At a town-hall meeting in Philadelphia yesterday, Sen. John McCain promised a vigorous campaign to carry Pennsylvania in November.

Even as he spoke, he was drawing criticism from Democrats for his comments in a morning television interview that he wanted to reduce U.S. casualties in Iraq but that exactly when all the troops come home was "not too important."

During the town-hall meeting, at the National Constitution Center, McCain assured a crowd of 600 that he would "compete and win" in the state.

"We're going to go to the small towns in Pennsylvania," McCain said, "and I'm going to tell them I don't agree with Sen. Obama that they cling to their religion and the Constitution because they're bitter."

Barack Obama, the presumptive Democratic nominee, famously damaged his own prospects in the April 22 Pennsylvania primary - which he lost to Sen. Hillary Rodham Clinton by more than 200,000 votes - by saying that the bitterness of small-town residents over their economic circumstances explained their devotion to religion and their Second Amendment right to bear arms.

McCain's remarks about the state, traditionally a major battleground in presidential elections, came as he was being criticized by leading Democrats over comments he made hours earlier about the war in Iraq.

Appearing on


on NBC, McCain, who said recently that he could envision U.S. troops' leaving Iraq by 2013, was asked whether he could provide a more precise time estimate.

"No, but that's not too important," he replied. "What's important is casualties in Iraq.

"Americans are in South Korea. Americans are in Japan. American troops are in Germany. That's all fine. . . . We will be able to withdraw. . . . But the key to it is, we don't want any more Americans in harm's way."

McCain has made this point before - that it's one thing to have U.S. troops based in a foreign country, and another to have them getting shot at and shooting back. What was different yesterday was his use of the phrase

not too important

to describe the timing of troop departures. Obama's Democratic surrogates seized on it.

Senate Majority Leader Harry Reid of Nevada said McCain's statement was "a crystal-clear indicator that he just doesn't get the grave national security consequences of staying the course."

And Sen. John Kerry (D., Mass.), speaking on Obama's behalf, said McCain's words were "unbelievably out of touch and inconsistent with the needs and concerns of Americans, and particularly the families of the troops who are over there."

The "not too important" comment did not come up at the town-hall meeting.

But McCain did talk about Iraq. He acknowledged "the tremendous amount of pain" the war has caused and asserted that the current strategy was succeeding. He also spoke of the potentially disastrous impact of withdrawing on a set timetable, like the 16-month one Obama favors.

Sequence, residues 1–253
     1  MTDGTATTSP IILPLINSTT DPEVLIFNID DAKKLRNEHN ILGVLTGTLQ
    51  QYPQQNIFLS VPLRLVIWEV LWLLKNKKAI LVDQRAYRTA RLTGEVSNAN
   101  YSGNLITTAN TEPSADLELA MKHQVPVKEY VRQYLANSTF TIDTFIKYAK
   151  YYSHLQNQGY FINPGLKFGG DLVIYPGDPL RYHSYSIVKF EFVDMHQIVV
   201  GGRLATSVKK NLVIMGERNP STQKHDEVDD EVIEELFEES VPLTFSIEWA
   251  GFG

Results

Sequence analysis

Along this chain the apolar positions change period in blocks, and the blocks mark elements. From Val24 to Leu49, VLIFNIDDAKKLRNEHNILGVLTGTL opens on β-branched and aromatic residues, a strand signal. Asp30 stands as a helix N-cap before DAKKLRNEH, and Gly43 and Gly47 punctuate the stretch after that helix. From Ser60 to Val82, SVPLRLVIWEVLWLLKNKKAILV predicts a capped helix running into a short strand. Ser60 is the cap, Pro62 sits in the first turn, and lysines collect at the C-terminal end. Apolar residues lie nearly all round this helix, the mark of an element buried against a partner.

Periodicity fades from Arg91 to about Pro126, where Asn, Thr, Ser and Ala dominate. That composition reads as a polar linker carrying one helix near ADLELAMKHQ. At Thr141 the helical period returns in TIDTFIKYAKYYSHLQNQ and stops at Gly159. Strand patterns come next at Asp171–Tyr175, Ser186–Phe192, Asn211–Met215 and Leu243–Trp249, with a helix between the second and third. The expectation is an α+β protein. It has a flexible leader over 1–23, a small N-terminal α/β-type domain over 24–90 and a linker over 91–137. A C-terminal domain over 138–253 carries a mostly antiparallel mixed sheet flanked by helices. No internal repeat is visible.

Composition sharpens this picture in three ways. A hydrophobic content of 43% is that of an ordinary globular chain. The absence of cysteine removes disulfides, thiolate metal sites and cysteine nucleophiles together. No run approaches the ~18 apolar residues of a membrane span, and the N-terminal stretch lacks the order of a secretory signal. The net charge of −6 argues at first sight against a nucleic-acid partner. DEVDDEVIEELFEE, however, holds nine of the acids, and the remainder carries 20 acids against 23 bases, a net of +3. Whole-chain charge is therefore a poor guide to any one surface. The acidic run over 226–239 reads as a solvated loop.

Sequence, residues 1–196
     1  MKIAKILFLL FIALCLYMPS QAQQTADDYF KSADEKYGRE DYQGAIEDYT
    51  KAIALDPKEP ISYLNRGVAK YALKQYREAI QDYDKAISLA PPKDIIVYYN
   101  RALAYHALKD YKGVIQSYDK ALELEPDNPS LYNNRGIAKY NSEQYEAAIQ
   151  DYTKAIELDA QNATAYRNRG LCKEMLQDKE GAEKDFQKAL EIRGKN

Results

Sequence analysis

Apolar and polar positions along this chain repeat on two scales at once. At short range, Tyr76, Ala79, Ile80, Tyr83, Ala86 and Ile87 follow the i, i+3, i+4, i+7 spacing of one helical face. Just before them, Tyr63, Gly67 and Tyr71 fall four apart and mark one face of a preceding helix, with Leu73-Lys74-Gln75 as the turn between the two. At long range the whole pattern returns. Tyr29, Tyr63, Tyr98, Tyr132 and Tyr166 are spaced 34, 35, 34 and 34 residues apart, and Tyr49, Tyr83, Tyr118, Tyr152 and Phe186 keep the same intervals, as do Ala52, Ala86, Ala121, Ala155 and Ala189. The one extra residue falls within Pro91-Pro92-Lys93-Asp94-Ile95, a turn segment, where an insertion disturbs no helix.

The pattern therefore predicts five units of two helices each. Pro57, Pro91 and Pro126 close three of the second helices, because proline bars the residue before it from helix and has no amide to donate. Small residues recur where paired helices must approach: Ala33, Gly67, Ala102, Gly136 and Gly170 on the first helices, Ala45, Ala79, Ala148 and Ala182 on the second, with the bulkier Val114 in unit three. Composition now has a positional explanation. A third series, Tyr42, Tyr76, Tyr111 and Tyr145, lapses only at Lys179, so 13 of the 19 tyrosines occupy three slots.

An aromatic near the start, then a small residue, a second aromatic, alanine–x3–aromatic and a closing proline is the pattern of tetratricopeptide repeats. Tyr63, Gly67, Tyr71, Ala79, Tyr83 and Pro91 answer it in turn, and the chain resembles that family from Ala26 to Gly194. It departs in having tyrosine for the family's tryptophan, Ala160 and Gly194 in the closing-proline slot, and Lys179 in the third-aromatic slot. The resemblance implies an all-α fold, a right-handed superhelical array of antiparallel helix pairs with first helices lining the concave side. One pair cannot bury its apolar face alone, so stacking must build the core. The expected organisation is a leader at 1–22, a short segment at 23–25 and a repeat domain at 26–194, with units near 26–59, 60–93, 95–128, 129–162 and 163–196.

"The consequences of failure would be genocide and chaos in the region," McCain said.

In a conference call with reporters, Sen. Joe Lieberman (Ind., Conn.), a McCain supporter, accused the Democrats of a "partisan attempt to distort John McCain's words."

McCain, who has proposed a series of 10 joint town-hall meetings with Obama this summer, spoke for a little more than 20 minutes at this solo appearance, then took questions for 45, covering such topics as the security of Israel, federal spending, tax rates, education, crime, energy policy and health care.

"I want Americans to make their own choices for health care," the Arizona senator said. "Sen. Obama wants the government to make the choices for you."

McCain called this one of the "fundamental, deep-seated disagreements" he has with his opponent.

Many of his listeners at the event, which was open to the general public, said they were impressed.

"Integrity, responsibility, experience, straight talk - it's that simple," said attorney Tom Hunt, 69, a Republican.

Also in the crowd were some up-for-grabs Clinton supporters, to whom McCain made a special appeal. One was Cornelia Tsakiridou, 52, a philosophy professor at La Salle University.

"I agree with Sen. McCain on security and the Middle East, and I respect his integrity, his service and his experience, which is a serious issue when it comes to Obama," Tsakiridou said. "At this point, I'm leaning to McCain. Of course, it depends on whether Hillary Clinton is on the Democratic ticket and under what conditions."

Before leaving the city for a fund-raiser in Boston, the Republican candidate held a private meeting with prominent area Catholics.

He returns to the region tomorrow morning for a town-hall meeting at Burlington County College in Pemberton. Doors open at 9 a.m. The meeting begins at 11.

See John McCain's "Today" interview via